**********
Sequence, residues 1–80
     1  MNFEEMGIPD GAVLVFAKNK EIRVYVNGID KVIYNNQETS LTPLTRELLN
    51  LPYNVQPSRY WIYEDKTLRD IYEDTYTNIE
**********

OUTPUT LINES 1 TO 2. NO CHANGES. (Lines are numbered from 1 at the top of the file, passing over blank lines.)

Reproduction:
Sequence, residues 1–80
     1  MNFEEMGIPD GAVLVFAKNK EIRVYVNGID KVIYNNQETS LTPLTRELLN